In this case, Sorenson fails to allege actual injury. This Court notes that his supplemental complaint filed in Civil Action No. PWG-15-1198 is replete with lengthy exhibits and attachments, thus belying his assertions that he was harmed by being denied the opportunity to photocopy legal materials. Importantly, he does not allege that the supplement filed is deficient for lack of a particular exhibit. Sorenson's concerns about photocopying, the availability of library visits, and his perception of the treatment accorded him by Stevanus exhibit demonstrate his frustration, but fail to substantiate his conclusory assertions of physical harm (purported dizziness, spikes in blood pressure) and actual legal injury. In sum, they are insufficient to sustain a denial of access to the courts. Thus, Sorenson fails to set forth a cognizable claim under the First Amendment for denial of access to the courts.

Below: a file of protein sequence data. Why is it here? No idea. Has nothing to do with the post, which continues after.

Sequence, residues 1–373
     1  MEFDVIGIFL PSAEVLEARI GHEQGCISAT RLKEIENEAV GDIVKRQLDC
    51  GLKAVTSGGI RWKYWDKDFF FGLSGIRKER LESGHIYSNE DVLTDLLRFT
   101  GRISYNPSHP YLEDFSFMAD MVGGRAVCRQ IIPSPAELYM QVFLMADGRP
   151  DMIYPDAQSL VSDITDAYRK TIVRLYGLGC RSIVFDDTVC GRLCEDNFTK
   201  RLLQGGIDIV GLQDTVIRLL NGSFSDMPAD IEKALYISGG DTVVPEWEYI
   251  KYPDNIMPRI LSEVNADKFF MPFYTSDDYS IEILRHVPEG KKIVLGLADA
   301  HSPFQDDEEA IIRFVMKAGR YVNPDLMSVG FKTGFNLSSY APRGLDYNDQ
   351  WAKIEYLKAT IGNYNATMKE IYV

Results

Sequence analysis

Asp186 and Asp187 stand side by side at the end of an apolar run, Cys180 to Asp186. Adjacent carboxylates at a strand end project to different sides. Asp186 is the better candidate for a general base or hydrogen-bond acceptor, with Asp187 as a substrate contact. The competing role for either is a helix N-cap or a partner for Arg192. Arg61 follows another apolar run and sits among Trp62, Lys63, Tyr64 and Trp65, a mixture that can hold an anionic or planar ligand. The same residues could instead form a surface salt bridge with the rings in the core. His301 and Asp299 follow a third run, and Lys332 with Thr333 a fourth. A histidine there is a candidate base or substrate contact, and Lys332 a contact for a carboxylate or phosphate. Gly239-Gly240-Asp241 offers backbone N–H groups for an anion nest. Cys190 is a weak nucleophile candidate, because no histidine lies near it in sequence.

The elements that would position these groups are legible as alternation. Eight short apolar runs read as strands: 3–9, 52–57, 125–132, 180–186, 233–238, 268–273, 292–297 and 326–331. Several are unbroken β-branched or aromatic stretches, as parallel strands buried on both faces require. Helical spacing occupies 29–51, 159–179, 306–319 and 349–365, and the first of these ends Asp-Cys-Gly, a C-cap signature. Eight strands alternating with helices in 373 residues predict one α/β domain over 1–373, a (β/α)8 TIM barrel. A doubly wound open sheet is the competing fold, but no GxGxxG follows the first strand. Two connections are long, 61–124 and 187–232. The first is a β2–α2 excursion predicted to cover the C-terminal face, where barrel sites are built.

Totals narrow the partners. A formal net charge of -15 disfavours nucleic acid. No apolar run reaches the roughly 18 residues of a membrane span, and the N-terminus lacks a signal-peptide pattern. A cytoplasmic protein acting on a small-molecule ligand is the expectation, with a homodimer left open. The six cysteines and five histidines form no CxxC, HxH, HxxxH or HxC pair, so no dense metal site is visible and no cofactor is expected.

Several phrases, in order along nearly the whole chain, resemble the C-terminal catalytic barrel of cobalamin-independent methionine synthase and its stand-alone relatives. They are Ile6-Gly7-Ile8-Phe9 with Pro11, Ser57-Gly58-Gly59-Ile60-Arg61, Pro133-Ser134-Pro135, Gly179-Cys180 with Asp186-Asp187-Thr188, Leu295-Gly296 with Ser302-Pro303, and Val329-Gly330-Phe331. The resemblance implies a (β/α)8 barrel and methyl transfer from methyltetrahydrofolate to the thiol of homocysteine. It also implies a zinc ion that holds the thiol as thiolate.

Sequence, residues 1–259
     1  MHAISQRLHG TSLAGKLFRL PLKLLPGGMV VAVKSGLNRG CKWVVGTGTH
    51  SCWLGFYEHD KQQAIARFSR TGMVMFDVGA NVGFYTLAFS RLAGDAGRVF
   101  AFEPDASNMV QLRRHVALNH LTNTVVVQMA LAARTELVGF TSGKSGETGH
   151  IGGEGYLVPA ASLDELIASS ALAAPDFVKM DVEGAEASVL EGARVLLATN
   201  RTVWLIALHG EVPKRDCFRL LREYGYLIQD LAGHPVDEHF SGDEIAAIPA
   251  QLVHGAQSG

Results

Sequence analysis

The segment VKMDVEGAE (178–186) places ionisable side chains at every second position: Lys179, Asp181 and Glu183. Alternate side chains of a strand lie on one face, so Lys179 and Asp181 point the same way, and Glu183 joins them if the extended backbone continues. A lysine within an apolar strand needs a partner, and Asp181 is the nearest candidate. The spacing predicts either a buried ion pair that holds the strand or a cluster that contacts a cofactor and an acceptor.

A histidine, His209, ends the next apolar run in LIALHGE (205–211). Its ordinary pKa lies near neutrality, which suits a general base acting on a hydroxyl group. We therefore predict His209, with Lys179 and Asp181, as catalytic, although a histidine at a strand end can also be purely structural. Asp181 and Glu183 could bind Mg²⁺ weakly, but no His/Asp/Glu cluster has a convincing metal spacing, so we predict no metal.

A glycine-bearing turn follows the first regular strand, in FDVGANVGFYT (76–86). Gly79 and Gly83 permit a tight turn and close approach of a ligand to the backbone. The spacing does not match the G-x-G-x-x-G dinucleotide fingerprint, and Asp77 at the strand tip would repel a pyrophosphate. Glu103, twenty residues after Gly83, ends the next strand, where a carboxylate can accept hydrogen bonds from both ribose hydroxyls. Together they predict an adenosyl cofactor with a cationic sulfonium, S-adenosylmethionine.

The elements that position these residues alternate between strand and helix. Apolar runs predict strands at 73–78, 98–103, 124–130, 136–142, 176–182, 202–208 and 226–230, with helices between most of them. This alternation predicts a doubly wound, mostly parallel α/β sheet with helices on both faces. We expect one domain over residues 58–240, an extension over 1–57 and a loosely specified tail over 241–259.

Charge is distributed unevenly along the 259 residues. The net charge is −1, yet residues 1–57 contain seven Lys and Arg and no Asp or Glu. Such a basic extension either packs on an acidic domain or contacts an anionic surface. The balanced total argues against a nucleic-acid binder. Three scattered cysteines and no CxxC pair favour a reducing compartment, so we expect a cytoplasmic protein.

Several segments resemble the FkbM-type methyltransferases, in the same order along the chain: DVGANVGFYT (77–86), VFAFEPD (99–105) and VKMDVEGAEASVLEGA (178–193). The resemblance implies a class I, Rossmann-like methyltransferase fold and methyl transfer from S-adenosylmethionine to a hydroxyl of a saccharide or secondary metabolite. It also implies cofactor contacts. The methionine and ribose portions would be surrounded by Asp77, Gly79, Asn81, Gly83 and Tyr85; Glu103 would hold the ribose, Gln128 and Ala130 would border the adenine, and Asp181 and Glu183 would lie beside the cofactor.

To the extent Sorenson avers his rights under the Eighth Amendment were abridged by Stevanus, the allegations fall far short of showing cruel and unusual punishment. Complaints about jail conditions fall within the scope of the "Cruel and Unusual Punishments" provision in the Eighth Amendment, which prohibits conditions which involve the wanton and unnecessary infliction of pain and result in the serious deprivation of basic human needs. Rhodes v. Chapman, 452 U.S. 337, 346-47 (1981). An Eighth Amendment claim is comprised of two elements: an objective element, which means that a plaintiff has alleged a sufficiently serious deprivation, and a subjective element, which requires that he demonstrate that a defendant possessed a state of mind of deliberate indifference. Farmer v. Brennan, 511 U.S. 825, 834 (1994). A prison condition is sufficiently serious so as to satisfy the first component of an Eighth Amendment claim if it denies a plaintiff "the minimal civilized measure of life's necessities." Rhodes, 452 U.S. at 47-48. However, only extreme deprivations can be characterized as punishment prohibited by the Eighth Amendment. Hudson v. McMillian, 503 U.S. 1, 8-9 (1992). When prison conditions are concerned, an extreme deprivation is one "so grave that it violates contemporary standards of decency to expose anyone unwillingly to such a risk. In other words, the prisoner must show that the risk of which he complains is not one that today's society chooses to tolerate." Helling v. McKinney, 509 U.S. 25, 36 (1993) (emphasis in original). Denial of a library pass or restrictions on photocopying documents as alleged here, absent a showing of injury, clearly does not rise to the magnitude of an Eighth Amendment claim. For these reasons, this case will be dismissed for failure to state a claim.